MANILA, Philippines - The Philippine Long Distance Telephone Company (PLDT) may still correct any violation of Sec. 11, Art. XII of the 1987 Constitution which states that foreign ownership of corporation in the Philippines should be limited to 40% of the firm's capital, for as long as the violation, if any, was committed following the commencement of a formal investigation or administrative proceeding by the Securities and Exchange Commission (SEC).
Thus ruled the Supreme Court (SC), in a 51-page ruling dated Oct. 9 but released to the public only on Monday, as it junked PLDT chairman Manuel V. Pangilinan's motion for reconsideration on its June 28, 2011 decision directing the SEC to determine if PLDT violated the above-stated provision.
“Under prevailing jurisprudence, public utilities that fail to comply with the nationality requirement under Section 11 Article XII and the Foreign Investments Act can cure their deficiencies prior to the start of the administrative case or investigation,” the high court said through the ponencia of Associate Justice Antonio Carpio.
In its June 2011 ruling, the high court held that Sec. 11, Art. XII of the Constitution meant that “capital” should mean the shares of stock entitled to vote in the election of directors and thus refers only to common shares and not to the total outstanding capital stock.
In dismissing Pangilinan's MR, the high court ruled that his claim that his right to property and right to due process will be violated with the SEC investigation, is misplaced. The high court also pointed out that PLDT can present evidence of its compliance with the constitutional requirement before the SEC proceeding.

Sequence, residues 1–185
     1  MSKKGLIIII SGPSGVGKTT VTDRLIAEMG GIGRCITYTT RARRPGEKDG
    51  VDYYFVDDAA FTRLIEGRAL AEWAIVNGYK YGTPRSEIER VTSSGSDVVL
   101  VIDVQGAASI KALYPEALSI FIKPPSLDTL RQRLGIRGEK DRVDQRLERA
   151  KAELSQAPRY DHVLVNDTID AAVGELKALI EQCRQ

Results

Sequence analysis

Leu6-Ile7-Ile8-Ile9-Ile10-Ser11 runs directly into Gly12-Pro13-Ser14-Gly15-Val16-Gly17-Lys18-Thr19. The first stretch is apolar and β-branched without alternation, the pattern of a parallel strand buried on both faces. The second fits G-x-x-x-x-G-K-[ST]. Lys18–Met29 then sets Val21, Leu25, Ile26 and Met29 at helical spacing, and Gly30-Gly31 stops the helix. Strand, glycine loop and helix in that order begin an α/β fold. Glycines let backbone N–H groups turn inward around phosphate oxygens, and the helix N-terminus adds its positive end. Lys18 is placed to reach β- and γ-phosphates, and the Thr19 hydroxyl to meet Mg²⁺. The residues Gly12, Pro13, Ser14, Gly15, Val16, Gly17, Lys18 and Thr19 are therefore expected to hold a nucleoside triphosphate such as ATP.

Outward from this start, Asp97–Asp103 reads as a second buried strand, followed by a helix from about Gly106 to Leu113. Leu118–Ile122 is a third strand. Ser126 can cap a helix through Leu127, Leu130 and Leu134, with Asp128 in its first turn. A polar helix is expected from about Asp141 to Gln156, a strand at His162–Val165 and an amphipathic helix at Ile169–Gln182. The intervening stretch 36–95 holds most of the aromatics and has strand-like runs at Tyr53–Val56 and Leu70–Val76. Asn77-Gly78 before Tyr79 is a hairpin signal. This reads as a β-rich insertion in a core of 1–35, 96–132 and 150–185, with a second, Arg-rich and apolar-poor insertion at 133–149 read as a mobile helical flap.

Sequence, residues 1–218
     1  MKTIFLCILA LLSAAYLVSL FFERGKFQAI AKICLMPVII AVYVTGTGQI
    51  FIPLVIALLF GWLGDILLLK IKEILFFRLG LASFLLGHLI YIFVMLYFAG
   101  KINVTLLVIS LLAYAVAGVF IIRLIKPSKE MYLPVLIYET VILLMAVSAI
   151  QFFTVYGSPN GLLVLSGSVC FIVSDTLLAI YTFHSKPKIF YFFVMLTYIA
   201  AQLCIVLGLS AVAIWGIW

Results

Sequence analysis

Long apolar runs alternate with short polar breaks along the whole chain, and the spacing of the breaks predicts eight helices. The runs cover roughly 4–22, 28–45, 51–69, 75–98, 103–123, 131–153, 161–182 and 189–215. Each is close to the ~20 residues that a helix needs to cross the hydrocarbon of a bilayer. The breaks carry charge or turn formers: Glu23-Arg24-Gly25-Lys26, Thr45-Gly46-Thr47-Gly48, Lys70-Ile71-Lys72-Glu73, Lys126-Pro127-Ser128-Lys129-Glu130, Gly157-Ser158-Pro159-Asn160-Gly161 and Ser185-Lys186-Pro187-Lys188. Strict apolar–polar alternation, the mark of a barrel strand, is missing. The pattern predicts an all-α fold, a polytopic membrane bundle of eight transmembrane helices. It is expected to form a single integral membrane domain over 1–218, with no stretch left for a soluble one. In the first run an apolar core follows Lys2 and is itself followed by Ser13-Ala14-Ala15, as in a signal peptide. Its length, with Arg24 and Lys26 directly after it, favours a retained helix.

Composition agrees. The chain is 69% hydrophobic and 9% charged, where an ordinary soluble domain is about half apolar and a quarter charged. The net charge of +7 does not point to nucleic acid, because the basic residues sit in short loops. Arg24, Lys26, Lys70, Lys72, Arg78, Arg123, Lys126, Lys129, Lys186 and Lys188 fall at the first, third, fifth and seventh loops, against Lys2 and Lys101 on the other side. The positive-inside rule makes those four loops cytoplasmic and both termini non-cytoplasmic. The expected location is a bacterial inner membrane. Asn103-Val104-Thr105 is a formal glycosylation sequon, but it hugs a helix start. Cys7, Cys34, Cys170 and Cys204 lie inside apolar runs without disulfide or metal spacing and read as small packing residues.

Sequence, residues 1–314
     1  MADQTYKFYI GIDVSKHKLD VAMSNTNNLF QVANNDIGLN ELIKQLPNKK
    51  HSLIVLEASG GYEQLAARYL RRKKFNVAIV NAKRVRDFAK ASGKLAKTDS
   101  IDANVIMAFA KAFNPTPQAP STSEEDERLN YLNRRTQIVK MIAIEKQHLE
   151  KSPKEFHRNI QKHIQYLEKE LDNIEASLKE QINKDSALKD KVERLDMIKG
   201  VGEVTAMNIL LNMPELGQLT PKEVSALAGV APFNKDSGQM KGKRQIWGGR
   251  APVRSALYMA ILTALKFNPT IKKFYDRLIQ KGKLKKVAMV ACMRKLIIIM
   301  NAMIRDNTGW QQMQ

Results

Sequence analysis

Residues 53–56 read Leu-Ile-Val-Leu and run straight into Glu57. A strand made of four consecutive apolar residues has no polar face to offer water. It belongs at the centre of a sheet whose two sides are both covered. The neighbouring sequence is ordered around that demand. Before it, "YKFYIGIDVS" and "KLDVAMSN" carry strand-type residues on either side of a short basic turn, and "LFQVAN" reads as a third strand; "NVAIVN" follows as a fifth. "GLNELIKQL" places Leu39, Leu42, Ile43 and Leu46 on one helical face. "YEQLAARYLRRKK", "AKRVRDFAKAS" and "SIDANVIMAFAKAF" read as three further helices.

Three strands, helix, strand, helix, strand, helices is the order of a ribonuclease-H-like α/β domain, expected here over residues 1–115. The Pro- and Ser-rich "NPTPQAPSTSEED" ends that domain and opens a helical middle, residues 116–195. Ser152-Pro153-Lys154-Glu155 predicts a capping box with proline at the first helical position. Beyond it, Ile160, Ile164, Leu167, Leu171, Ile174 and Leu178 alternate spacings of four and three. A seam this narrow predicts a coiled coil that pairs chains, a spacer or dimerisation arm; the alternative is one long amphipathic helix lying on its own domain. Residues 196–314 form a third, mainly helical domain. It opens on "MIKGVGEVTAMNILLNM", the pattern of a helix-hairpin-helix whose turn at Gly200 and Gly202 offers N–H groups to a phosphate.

“Since the Court limited its resolution on the purely legal issue on the definition of the term “capital” in Section 11 Article 12 of the 1987 Constitution and directed the SEC to investigate any violation by PLDT on the 60-40 ownership requirement in favor of Filipino citizens, there is no deprivation of PLDT’s property or denial of right to due process,” the high court said.
The high court added that it made no ruling on whether PLDT violated the subject constitutional provision because there is a need for a "presentation and determination of evidence through a hearing" which is not within the jurisdiction of the high tribunal.
Nine justices voted with Carpio in favor of the junking of Pangilinan's MR: Chief Justice Maria Lourdes Sereno, and Associate Justices Teresita Leonardo-De Castro, Arturo Brion, Diosdado Peralta, Lucas Bersamin, Mariano Del Castillo, Martin Villarama, Jr., Jose Perez, and Jose Mendoza.
Those who dissented were Associate Justices Presbitero Velasco, Jr., Roberto Abad, and Bienvenido Reyes.
Associate Justice Estela Perlas-Bernabe inhibited for handling a related case during her stint as trial court judge.
The case stemmed from a petition by lawyer Wilson Gamboa, who told the high court that since foreign interests, notably First Pacific Company, owns at least 61.8 percent of PLDT’s outstanding common stocks, the phone giant can no longer be regarded a Philippine national.
Gamboa sought the annulment of the sale of P26.5 billion worth of PLDT shares to First Pacific in 2007.